Devinci are one of the few companies to have licensed Dave Weagle’s Split Pivot design, creating a whole new range of full-suspension bikes based around it. The 2011 line-up includes trail taming 120mm (4.7in) steeds all the way through to this World Cup ready downhill machine.
Ride & handling: Good weight distribution and bottomless feel make for a fast bike
On initial inspection the Wilson’s cockpit seems quite compact but feels ﬁne once you’re in the saddle. The components all work in harmony together, which adds to the general cohesion. Though it’s a bit sluggish to accelerate on the ﬂat, point the Wilson down a hill and the potential for speed becomes clear.
It might take a while to get used to not bashing the cranks on the ground, but the cornering is really special thanks to the well distributed weight and low bottom bracket (14.1in). The slack head angle helps with this too, and creates handling that’s predictable and easy, though not too sprightly.
The stable ride is helped by a healthy wheelbase but it’s not just about geometry – the rear end’s behaviour has a lot to do with it too. The leverage ratio, designed around the lengthy 3.5in rear shock, creates a progressive stroke that ramps towards the end, making the bike feel bottomless.
The shock tune is nigh-on perfect too, making the most of the clever design work that’s been put into the linkage. We couldn’t ﬁnd a situation where the Wilson became an unknown quantity, which is rare among downhill bikes.
Frame & equipment: High-end build pushes the price up but the frameset is on the money
The new Split Pivot Wilson frame puts out a whopping 216mm (8.5in) of travel via a 10.5in-long, 3.5in stroke-length shock. The geometry is up to date too, with a 64-degree head angle, 46.5in wheelbase (on our medium test bike) and loads of standover height thanks to the low-slung top tube.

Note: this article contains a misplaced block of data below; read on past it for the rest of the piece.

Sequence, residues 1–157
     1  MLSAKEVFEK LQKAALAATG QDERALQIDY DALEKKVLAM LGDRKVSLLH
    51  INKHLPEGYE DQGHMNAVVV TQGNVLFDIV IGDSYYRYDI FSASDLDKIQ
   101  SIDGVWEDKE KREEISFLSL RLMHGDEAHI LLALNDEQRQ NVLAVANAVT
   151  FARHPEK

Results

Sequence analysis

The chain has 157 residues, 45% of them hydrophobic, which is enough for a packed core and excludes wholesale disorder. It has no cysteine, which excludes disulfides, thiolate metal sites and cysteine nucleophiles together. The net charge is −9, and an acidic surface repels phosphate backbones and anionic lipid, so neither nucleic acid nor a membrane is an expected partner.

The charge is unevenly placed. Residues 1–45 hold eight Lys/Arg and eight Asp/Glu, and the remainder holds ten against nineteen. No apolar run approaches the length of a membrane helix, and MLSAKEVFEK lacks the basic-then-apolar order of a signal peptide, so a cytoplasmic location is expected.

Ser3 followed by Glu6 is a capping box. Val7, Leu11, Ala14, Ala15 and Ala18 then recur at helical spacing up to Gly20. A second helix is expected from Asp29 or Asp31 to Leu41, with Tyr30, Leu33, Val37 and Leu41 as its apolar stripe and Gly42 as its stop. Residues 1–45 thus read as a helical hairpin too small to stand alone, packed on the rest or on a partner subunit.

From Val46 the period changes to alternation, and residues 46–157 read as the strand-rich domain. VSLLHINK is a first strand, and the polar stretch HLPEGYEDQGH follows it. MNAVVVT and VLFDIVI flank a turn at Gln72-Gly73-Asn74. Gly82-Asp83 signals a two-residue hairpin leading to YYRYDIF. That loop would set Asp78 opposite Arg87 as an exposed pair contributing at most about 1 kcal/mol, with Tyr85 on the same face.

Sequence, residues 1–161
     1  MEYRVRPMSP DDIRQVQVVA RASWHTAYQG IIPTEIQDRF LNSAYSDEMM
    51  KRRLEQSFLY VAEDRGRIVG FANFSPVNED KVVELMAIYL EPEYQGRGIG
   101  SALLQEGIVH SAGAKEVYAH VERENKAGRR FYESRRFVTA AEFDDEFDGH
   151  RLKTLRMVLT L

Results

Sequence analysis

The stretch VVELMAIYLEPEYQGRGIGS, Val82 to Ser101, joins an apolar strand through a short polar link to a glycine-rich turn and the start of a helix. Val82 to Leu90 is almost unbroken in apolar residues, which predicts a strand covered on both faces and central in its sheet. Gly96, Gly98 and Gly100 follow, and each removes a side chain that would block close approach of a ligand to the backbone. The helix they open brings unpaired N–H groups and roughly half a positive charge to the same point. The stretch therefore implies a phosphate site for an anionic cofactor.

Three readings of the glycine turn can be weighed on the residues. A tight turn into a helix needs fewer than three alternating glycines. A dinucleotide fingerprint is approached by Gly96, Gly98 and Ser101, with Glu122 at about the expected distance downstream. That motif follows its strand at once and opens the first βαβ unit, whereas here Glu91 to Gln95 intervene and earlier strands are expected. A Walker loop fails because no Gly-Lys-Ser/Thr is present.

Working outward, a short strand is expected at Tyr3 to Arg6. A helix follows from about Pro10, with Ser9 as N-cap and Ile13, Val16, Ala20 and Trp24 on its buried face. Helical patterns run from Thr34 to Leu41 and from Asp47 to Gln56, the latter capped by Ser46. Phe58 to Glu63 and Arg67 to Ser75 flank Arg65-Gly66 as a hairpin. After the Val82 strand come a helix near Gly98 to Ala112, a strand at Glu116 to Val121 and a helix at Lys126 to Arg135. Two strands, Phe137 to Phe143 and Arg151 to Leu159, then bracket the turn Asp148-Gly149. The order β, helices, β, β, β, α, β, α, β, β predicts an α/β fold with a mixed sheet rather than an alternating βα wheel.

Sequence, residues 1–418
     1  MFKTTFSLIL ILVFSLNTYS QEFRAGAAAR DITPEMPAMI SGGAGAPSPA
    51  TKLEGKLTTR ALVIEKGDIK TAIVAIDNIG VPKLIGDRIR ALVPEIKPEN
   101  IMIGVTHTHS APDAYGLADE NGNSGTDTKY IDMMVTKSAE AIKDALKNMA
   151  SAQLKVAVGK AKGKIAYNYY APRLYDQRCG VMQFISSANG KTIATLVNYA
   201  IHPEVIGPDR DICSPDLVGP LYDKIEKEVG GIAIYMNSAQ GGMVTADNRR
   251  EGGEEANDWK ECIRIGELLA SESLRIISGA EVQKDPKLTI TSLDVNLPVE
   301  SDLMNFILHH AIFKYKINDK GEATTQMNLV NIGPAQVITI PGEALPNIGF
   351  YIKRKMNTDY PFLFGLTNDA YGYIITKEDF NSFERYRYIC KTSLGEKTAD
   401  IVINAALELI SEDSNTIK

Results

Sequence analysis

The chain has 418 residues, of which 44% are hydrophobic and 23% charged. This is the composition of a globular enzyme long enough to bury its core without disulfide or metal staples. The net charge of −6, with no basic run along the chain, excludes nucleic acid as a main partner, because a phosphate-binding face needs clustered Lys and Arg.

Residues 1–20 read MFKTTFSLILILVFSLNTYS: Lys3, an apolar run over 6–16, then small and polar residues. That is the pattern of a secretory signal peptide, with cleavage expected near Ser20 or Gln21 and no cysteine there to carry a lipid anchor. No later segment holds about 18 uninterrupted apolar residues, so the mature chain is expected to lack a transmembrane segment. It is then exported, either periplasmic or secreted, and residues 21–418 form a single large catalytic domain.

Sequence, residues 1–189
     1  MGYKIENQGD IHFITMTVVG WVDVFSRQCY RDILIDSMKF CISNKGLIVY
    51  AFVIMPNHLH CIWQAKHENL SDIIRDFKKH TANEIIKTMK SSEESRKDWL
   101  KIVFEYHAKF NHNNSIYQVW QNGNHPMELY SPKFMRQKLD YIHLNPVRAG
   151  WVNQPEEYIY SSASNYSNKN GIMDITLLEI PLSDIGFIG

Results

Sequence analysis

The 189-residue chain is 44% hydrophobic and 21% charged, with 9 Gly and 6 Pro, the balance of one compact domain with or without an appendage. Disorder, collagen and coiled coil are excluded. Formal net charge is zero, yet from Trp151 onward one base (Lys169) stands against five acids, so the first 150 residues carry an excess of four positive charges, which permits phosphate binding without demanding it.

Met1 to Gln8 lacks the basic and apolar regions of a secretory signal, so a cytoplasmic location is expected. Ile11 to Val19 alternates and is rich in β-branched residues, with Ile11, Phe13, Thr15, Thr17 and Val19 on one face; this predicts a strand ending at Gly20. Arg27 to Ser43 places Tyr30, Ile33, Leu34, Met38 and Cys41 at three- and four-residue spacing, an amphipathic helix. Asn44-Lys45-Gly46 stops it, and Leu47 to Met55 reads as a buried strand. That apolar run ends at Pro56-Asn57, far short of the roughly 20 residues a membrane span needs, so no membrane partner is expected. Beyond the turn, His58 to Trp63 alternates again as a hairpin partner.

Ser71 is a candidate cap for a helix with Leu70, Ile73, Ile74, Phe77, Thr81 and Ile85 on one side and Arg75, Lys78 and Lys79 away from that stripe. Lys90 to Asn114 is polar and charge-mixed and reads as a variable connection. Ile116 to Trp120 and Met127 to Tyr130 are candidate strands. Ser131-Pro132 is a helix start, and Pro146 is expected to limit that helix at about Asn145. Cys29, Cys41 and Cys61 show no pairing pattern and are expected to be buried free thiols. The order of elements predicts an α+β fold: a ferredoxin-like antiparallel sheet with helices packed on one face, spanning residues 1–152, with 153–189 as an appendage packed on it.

The main pivot is well placed for pedalling efﬁciency when running a 38-tooth chainring, with the actuating linkage pivoting just above and around the bottom bracket and the split pivot point on the rear axle. Weight is kept to a minimum with CNC-machined details all over, and Devinci’s welding is superb. The price is good too – the frameset and headset going for £1,999.99 with a lifetime guarantee.
The highest-spec full bike in the range comes with a RockShox Boxxer World Cup fork up front and the specially tuned Fox RC4 shock taking care of the rear end. SRAM’s components cover the bike in bling, with a colour-coded X0 rear mech and shifter, Avid Code brakes, Truvativ Boobar bars plus Holzfeller direct-mount stem and crankset.
The high-end build rolls on Mavic EX 721 rims built onto DT Swiss 340 hubs. Even with all this lightweight bling the Wilson weighs 18.6kg (41lb), which is pretty hefty for a high-end rig.
|Name||Wilson SL Bike (11)|
|Available Sizes||L (17.0") M (16.3") S (16.0")|
|Rear Derailleur||SRAM X.0|
|Bottom Bracket Height (in)||14.1|
|Stem||Truvativ Holzfeller Direct Mount 31.8mm|
|Seatpost||Truvativ Holzfeller 31.6mm|
|Saddle||Selle Italia SL|
|Rear Shock||Fox DHX RC4 (10.5x3.5)|
|Rear Hub||DT Swiss 340|
|Pedals||Wellgo MG1 Magnesium|
|Bottom Bracket||Truvativ Howitzer|
|Headset Type||FSA Orbit 1.5ZS|
|Handlebar||Truvativ Boobar DH 31.8mm|
|Front Hub||DT Swiss 340|
|Frame Material||6066 T6|
|Fork||RockShox Boxxer World Cup 203mm|
|Cranks||Truvativ Holzfeller OCT 1.1 - e.13 with 38T Truvativ chainring|
|Cassette||SRAM PGII 970 9spd 11-26T|
|Brakes||Avid Code 203mm|
|Tyres||Maxxis Minion DHF 3C|